Successfully Implementing Microsoft DirectAccess in the Legal Industry – Webinar

I invite you to attend our upcoming “Successfully Implementing Microsoft DirectAccess in the Legal Industry” webinar. The session, held on Wed. July 20, 2016 from 10am to 11am CDT, will review:

  • What is DirectAccess (DA)
  • DA Requirements
  • The DA Installation Process
  • Insight from a law firm currently using DA
  • Frequently Asked Questions and a Q&A session.

To reserve your spot, please register here:

If you have questions or would like to learn more about DA but can’t attend the webinar, let me know when you’re available and we can schedule a phone conversation.

Thanks much,
Peter Hamerlinck

Account Manager | IVO Networks
(phone) 320.282.8500

Specialized Hardware | Specialized Software | Consultations | Planning | Implementation | Support

We are the DirectAccess Experts |

APP46 enables Dell KACE K1000 to work over Microsoft DirectAccess

Dell KACE K1000 is currently an IPv4 ONLY solution and does not work over Microsoft DirectAccess remote VPN network connections.

APP46 is a client installed software utility application that enables Dell KACE K1000 to work over Microsoft DirectAccess.  APP46 works seamlessly on the workstation in the background to provide “NAT464″ network translation that enables IPv4 Dell KACE K1000 to communicate over Microsoft DirectAccess connections.

- Automatic client workstation transitions between local LAN/intranet and remote Windows DirectAccess connectivity
- No NRPT configurations required
- No GPO creation or configurations required
- No extra DNS (public) servers required
- No public DNS configurations required
- No local workstation script creation required

Please feel free to contact me directly with questions!

Jordan Krause
Microsoft MVP | Cloud and Datacenter Management

Windows 7 CANNOT do Multi-Site DirectAccess

I seem to be encountering a lot of confusion on this topic lately, so let’s clear the air. As of the Windows Server 2012 flavor of DirectAccess, we now have the ability to setup multiple DirectAccess sites, in different geographical locations (and therefore running in different subnets) – and tie them all together in a DirectAccess Multi-Site array.

This is different than a traditional DirectAccess server array, because doing either native NLB or hardware load balancing between multiple DA servers means those servers have to be within the same subnets, and for most companies that means those servers are all within the same physical site.

Multi-Site is a big deal – the ability to establish DirectAccess gateway servers around the globe and have the DA client computers self-choose which one they want to connect to can be extremely advantageous. The big catch that a lot of folks are not aware of? Windows 7 cannot do Multi-Site DirectAccess.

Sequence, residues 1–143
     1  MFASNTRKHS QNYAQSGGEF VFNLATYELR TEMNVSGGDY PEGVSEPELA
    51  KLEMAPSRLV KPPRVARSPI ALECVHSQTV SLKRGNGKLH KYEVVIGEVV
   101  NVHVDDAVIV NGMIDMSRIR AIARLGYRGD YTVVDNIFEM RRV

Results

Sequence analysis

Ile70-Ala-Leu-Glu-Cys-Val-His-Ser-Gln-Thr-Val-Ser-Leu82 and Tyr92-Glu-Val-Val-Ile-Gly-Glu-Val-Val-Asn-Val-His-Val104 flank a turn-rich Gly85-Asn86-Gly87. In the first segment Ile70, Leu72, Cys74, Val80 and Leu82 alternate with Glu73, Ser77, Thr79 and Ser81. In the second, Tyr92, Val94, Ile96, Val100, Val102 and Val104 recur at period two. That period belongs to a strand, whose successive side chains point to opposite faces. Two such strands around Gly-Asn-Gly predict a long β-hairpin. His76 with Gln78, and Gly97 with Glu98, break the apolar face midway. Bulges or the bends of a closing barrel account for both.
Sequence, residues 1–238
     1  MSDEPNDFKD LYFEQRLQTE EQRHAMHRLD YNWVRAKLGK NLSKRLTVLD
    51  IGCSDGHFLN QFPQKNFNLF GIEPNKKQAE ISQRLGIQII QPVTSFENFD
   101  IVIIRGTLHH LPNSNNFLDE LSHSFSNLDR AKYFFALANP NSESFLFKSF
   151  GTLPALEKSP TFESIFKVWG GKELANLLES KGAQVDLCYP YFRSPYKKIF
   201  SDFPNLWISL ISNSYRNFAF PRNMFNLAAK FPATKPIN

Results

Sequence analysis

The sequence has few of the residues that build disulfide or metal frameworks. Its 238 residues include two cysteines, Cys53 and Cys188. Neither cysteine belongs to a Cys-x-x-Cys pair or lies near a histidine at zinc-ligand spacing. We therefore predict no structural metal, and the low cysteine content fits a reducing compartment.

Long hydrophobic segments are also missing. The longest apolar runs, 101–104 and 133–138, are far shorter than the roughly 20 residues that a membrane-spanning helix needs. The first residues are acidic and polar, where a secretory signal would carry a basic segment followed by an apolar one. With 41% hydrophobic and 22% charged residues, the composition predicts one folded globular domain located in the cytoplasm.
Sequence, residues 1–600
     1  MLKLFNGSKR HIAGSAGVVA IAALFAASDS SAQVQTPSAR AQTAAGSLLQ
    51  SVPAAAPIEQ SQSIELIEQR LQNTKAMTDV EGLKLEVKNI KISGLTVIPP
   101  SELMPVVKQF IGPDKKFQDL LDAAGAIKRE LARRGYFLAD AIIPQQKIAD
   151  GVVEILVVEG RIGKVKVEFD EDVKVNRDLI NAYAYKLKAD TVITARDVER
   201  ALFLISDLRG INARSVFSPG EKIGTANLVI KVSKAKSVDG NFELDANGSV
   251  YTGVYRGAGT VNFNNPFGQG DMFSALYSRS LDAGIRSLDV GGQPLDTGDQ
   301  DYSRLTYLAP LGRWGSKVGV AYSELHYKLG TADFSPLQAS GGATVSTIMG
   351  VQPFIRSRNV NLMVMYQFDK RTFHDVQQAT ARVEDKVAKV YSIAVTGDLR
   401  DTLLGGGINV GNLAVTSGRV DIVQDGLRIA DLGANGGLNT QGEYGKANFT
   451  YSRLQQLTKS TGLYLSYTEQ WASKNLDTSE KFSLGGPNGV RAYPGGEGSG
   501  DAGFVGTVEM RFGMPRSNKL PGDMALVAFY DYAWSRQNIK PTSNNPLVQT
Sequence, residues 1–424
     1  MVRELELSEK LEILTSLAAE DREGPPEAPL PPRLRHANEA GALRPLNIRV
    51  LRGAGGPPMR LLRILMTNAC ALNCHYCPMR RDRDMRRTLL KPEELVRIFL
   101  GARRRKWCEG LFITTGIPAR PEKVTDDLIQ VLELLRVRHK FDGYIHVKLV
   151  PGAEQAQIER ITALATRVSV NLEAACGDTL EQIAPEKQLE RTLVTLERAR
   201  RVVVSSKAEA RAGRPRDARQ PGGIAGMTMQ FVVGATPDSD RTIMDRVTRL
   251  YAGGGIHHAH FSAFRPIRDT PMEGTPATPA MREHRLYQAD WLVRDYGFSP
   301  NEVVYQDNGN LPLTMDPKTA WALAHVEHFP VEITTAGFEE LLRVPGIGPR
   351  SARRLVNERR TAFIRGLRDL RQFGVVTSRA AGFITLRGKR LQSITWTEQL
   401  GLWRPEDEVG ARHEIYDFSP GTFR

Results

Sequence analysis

Cannot, never, not with special considerations, not even with a GSLB. This directly conflicts with a TechNet article that was published for a while which told us specifically that Windows 7 clients could do Multi-Site if there was a GSLB in play, but that has now been proven to be false.

If you’ve worked with DirectAccess a little bit, you are probably sitting on a question, thinking you’ve solved the answer to this puzzle. I can just swing my public DNS in the event that a site goes down, right? If my DirectAccess connects to “” and I have SiteA and SiteB running, ready to accept connections, and I just swing DNS back and forth between the sites, I’m golden right? I figured this thing out.

Unfortunately, it’s not quite so easy. When DirectAccess connects, the first thing that happens is that an IPv6 transition tunnel is established. This is typically either Teredo or IP-HTTPS. Your transition tunnel is established based upon a DNS name, and so if you have clients connecting to SiteA and change DNS so that it points “” to SiteB instead – those clients will successfully swing their IP-HTTPS tunnels over to SiteB! Great! Except nothing works inside that tunnel.

The reason nothing works inside that new IP-HTTPS tunnel is because DirectAccess traffic flows within IPsec tunnels that ride inside the transition tunnel. So inside your IP-HTTPS tunnel that you have now created, you need the Windows Firewall with Advanced Security to be able to establish IPsec tunnels within that transition tunnel. The problem with IPsec ConSec rules is that they can only be configured to create IPsec connections between IP addresses – not DNS names. So even though your IP-HTTPS transition tunnel has been swung successfully with a simple DNS change (or a GSLB) – when your WFAS tries to build IPsec tunnels, it only knows about the IP addresses that are specific to SiteA. Those IPs are, of course, not going to do anything to connect in SiteB, and so no IPsec tunnels will be built – and DirectAccess will fail to carry any traffic.

Windows 8 and Windows 10 are capable of being aware of multiple IP-HTTPS entry points at the same time, and also of maintaining connections for multiple IPsec endpoints at the same time. This is the magic that allows DirectAccess Multi-Site to work for those newer operating systems. Windows 7 clients do not have this capability. Win7 can only be aware of one IP-HTTPS destination, and one set of IPsec ConSec rules. Have some people played around with WFAS on Win7 and forced it, using customized GPOs, to be aware of multiple IPsec destinations? Sure. Is it supported? No way.